HPCwire: SciNet Launches Niagara, Canada’s Fastest Supercomputer

March 9, 2018 in in_the_news, news, Road_to_Niagara

HPWire reports on the launch on the new supercomputer Niagara at Scinet.

Launch of the Niagara Supercomputer at SciNet

March 5, 2018 in for_educators, for_press, for_researchers, for_users, frontpage, in_the_news, news, Road_to_Niagara

The Niagara supercomputer was officially launched on March 5th, 2018. We were honoured by the presence and remarks of Reza Moridi (Ontario Minister of Research, Innovation and Science), Nizar Ladak (Compute Ontario President and CEO), Dr. Roseann O’Reilly Runte (CFI President and CEO), Prof. Vivek Goel (Vice-president of Research and Innovation at the University of Toronto), and Prof. W. Richard Peltier (Scientific Director of SciNet).

SciNet’s CTO Daniel Gruner gave an overview of the new system:

Niagara is located at University of Toronto and operated by the university’s high-performance computing centre SciNet, but the system is open to all Canadian university researchers.

Niagara is the fastest computer system in the country and is able to run a single job across all 60,000 cores thanks to a high-performance network which interconnects all the nodes. For more information on the configuration, see here.

A time-lapse of the building of Niagara is available (part of SciNet’s YouTube channel):

This system is jointly funded by the Canada Foundation for Innovation, the Government of Ontario, and the University of Toronto.

ZDNet: Lenovo gives a boost to the Canadian supercomputer Niagara

March 5, 2018 in in_the_news, news, Road_to_Niagara

zdnet reports on the launch on the new supercomputer Niagara at Scinet.

International HPC Summer School 2018 in Ostrava, by SciNet, XSEDE, PRACE and Riken

December 22, 2017 in for_educators, for_researchers, for_users, frontpage, in_the_news, news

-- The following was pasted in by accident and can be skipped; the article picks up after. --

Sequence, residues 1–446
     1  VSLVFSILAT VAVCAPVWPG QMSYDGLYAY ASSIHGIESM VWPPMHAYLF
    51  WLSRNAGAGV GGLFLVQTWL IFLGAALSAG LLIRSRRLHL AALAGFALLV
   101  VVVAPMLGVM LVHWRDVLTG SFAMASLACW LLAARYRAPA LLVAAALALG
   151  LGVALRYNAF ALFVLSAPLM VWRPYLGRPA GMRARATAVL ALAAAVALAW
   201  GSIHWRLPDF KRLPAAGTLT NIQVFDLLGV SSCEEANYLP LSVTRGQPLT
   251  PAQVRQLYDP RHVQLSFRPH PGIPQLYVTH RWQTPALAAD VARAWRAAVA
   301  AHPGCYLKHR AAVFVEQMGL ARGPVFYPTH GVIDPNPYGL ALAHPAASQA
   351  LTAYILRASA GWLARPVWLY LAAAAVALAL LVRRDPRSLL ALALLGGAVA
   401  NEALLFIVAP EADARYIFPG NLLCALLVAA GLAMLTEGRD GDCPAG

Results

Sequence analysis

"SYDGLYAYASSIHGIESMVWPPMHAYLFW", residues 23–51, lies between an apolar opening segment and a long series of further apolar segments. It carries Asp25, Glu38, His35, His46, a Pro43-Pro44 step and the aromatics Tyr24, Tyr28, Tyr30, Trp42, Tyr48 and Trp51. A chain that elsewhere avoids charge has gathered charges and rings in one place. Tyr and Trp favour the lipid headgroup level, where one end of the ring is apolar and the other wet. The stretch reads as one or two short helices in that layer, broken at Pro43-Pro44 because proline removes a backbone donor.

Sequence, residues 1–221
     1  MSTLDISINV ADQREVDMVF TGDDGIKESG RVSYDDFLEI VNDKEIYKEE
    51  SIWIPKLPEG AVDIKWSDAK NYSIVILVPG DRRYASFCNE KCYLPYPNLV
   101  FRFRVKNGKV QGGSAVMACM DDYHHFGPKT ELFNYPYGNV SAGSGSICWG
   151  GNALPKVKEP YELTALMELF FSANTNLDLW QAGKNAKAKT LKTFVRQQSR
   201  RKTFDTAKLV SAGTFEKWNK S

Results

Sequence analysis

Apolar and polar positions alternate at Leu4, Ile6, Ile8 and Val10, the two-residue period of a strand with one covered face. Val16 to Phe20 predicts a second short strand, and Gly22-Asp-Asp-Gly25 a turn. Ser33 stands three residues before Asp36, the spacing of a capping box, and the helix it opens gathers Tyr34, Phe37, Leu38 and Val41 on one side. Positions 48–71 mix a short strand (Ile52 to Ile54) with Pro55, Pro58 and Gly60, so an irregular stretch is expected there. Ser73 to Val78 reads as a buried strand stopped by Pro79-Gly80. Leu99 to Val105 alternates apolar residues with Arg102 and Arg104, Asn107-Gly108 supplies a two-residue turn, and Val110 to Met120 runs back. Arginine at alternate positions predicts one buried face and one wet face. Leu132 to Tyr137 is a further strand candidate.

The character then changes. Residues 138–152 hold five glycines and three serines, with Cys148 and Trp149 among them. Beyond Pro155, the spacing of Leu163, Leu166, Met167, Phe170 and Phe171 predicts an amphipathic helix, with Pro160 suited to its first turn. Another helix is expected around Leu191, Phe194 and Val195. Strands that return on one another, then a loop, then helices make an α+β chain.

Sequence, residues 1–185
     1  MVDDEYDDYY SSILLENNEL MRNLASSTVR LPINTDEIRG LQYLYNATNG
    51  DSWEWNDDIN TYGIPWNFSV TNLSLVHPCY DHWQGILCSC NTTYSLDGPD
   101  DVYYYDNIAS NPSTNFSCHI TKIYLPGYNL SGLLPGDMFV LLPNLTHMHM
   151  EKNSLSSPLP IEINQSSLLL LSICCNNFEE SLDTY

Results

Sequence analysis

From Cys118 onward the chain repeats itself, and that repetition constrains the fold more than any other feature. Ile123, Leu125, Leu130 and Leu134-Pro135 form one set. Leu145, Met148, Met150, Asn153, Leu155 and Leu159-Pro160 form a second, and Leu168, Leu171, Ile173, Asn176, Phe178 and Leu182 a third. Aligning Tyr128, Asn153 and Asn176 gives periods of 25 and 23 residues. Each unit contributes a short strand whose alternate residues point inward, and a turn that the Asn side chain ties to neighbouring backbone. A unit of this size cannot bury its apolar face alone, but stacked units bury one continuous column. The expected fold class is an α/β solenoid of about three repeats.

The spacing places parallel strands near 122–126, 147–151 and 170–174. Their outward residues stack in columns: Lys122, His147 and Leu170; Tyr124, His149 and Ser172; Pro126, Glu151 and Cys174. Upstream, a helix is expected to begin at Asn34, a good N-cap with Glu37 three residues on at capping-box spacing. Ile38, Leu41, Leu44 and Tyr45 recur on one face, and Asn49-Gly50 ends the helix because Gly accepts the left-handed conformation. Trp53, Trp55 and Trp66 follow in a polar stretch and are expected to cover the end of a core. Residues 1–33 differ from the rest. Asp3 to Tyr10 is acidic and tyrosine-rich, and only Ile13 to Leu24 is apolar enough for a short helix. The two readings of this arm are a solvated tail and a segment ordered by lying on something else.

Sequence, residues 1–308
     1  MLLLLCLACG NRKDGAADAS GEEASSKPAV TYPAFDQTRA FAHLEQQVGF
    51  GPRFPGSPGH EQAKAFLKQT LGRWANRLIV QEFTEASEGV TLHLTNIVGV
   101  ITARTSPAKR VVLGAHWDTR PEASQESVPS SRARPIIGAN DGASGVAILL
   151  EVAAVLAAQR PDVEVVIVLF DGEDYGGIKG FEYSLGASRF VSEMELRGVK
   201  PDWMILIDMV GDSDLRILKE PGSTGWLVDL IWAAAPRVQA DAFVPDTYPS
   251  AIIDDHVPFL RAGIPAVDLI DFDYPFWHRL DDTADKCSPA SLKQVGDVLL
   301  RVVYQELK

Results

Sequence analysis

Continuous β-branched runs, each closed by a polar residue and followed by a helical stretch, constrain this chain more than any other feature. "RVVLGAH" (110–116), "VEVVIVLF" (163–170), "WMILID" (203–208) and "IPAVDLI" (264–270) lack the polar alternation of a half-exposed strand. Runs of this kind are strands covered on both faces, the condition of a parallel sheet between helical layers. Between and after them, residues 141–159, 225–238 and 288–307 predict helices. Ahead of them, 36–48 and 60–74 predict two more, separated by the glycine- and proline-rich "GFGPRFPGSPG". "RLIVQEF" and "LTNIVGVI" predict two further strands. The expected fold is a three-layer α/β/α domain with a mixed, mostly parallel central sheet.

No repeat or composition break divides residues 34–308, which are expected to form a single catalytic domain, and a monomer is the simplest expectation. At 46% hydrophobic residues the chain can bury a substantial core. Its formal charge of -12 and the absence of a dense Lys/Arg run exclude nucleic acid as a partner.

A High-Performance Computing Summer Institute
July 8-13, Ostrava, Czech Republic
Expenses-paid program
Apply by February 13, 2018
Website: http://ihpcss18.it4i.cz


Graduate students and postdoctoral scholars from institutions in Canada, Europe, Japan and the United States are invited to apply for the ninth International Summer School on HPC Challenges in Computational Sciences, to be held July 8 to 13, 2018, in Ostrava, in the Czech Republic, and hosted by the IT4Innovations National Supercomputing Centre.

Applications are due Feb 13, 2018. The summer school is organized by the Partnership for Advanced Computing in Europe (PRACE), the Extreme Science and Engineering Discovery Environment (XSEDE), the RIKEN Advanced Insti­tute for Computational Science (RIKEN AICS), and the SciNet HPC Consortium.

Leading computational scientists and HPC technologists from the U.S., Europe, Japan and Canada will offer instructions on a variety of topics and also provide advanced mentoring. Topics include:

  • HPC challenges by discipline
  • HPC programming proficiencies
  • Performance analysis & profiling
  • Algorithmic approaches & numerical libraries
  • Data-intensive computing
  • Scientific visualization
  • Canadian, EU, Japanese and U.S. HPC-infrastructures

The expense-paid program will benefit scholars from Canadian, European, Japanese and U.S. institutions who use advanced computing in their research. The ideal candidate will have many of the following qualities, however this list is not meant to be a “checklist” for applicants to meet all criteria:

  • Familiar with HPC, not necessarily an HPC expert, but rather a scholar who could benefit from including advanced computing tools and methods into their existing computational work
  • A graduate student with a strong research plan or a postdoctoral fellow in the early stages of their research efforts
  • Regular practice with parallel programming (i.e., student utilizes parallel programming generally on a monthly basis or more)
  • May have a science or engineering background, however, applicants from other disciplines are welcome provided their research activities include computational work.